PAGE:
"It is something that each country in Europe can do because we will all learn that no country can live beyond its means," she said.

"All European countries have understood this lesson. But we in the eurozone are convinced that together, we are so much stronger."

'Common ground'

Asked if she could envisage the UK playing a bigger role in Europe than it does now, she said: "Britain plays a very important role in Europe.

"Britain has a lot of common ground with Germany on how we see the future of free global trade, we all benefit from it.

"At the end of the day the British have to decide for themselves to what extent they wish to be part of Europe.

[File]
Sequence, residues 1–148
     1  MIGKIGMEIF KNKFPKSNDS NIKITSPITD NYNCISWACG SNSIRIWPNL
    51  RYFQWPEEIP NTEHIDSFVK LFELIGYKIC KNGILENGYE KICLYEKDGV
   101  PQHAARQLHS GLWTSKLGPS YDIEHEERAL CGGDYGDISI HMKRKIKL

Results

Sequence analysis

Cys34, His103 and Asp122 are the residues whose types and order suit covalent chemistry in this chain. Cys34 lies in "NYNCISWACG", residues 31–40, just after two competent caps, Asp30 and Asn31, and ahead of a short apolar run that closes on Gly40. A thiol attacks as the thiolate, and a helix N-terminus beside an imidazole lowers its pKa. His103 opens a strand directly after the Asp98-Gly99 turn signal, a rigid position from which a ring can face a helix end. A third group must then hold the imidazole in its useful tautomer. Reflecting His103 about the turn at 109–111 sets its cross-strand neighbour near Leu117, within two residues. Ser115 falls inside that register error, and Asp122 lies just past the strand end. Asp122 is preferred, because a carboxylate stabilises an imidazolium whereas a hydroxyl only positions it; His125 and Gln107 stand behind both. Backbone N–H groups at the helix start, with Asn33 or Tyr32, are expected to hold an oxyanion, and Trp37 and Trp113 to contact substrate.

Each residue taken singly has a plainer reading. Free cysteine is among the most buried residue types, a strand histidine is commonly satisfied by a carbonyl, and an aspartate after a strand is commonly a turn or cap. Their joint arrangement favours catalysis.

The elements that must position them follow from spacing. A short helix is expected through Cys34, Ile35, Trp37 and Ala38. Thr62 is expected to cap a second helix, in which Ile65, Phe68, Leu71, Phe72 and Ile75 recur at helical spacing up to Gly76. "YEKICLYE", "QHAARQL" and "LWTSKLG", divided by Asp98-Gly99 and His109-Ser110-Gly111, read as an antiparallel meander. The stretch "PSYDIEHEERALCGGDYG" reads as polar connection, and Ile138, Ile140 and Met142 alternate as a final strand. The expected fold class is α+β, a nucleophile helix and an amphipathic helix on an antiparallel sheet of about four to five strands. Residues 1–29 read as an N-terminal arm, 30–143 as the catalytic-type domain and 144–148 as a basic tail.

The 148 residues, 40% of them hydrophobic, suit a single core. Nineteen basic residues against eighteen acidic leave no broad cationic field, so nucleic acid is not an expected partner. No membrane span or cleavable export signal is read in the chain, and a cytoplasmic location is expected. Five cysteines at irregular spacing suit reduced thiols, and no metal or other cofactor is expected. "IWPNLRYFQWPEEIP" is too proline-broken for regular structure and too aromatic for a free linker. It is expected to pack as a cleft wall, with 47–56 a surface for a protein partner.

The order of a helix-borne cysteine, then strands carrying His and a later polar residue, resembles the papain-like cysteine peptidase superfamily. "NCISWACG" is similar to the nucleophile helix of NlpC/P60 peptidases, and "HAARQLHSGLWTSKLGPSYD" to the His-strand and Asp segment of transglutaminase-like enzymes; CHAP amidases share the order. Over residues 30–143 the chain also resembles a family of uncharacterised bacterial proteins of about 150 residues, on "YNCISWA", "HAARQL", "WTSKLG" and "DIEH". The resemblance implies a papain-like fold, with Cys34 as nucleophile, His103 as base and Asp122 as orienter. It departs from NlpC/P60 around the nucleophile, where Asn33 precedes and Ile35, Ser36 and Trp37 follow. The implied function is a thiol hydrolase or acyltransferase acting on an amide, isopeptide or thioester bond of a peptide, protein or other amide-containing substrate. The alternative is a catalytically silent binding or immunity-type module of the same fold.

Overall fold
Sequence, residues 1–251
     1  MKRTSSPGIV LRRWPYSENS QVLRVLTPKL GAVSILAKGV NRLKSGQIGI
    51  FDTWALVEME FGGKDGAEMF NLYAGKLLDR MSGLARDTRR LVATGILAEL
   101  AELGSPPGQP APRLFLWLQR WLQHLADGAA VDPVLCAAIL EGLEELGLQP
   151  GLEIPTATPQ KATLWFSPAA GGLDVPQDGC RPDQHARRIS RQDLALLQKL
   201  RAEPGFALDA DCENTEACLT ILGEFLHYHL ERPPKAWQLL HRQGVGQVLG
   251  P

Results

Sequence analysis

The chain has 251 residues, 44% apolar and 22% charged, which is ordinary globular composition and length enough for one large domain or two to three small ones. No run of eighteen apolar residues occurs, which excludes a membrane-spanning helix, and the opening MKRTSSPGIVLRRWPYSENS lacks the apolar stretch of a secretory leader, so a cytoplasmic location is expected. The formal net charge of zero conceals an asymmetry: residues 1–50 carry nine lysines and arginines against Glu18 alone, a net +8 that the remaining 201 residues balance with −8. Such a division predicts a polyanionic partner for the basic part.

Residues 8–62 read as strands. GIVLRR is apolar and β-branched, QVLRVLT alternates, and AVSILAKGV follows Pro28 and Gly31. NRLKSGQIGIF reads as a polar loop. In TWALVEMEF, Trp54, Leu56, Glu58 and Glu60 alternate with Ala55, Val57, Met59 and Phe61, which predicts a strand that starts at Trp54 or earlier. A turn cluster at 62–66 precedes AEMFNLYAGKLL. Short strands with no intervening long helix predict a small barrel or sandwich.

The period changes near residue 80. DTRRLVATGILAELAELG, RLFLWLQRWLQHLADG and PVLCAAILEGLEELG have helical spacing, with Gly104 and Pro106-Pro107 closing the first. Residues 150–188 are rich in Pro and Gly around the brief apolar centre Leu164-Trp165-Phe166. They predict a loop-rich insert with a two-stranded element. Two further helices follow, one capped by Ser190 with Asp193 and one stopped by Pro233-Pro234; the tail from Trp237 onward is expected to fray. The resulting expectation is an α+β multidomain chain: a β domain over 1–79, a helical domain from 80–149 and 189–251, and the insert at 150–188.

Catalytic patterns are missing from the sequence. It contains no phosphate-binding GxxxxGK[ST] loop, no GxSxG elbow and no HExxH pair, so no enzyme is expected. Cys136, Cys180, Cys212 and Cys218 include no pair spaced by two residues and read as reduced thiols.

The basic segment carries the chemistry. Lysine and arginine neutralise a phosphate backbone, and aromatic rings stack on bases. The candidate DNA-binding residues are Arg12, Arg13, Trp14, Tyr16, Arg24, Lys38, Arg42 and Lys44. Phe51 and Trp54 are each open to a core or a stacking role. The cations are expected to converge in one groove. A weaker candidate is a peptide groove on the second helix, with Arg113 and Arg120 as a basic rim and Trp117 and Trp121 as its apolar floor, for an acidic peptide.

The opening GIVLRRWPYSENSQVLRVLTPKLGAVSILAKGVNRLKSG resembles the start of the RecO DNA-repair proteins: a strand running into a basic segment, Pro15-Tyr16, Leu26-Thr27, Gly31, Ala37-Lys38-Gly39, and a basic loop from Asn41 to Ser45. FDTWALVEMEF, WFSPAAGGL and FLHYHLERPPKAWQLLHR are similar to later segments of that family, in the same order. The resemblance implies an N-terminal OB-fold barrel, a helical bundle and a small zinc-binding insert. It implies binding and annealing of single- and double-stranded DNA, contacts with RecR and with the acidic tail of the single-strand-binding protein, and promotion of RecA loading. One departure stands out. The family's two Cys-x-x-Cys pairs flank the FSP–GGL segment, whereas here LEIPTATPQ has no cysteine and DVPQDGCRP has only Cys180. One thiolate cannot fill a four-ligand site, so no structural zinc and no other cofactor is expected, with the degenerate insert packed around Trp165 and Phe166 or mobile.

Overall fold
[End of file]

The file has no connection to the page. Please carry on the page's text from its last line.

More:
"It is a discussion that we have seen unfortunately taking a painful turn on the [recently agreed] fiscal compact but Britain needs to know that we in Germany want a strong Britain in the EU, we always have and we always will."

She added: "In Germany we will try to see that there is less red tape, more political decisions and more transparency. I think that we are at one on this with Britain."

Watch the full interview with Angela Merkel on Newsnight on Monday 26 March 2012 at 10.30pm on BBC Two, then afterwards on the BBC iPlayer and Newsnight website.


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  • rate this

    Comment number 191.

    Ahhh EU, EU, EU... Not just Economic Uncertainty, but Extremely Utopian for the politicians, and Excruciating Upheaval for the people.

  • rate this

    Comment number 190.

    STOP DIGGING Ms Merkel ! The hole is deep enough. I've penciled in 2014 for a disorderly exit by Greece. I'm not looking forward to the after shock either.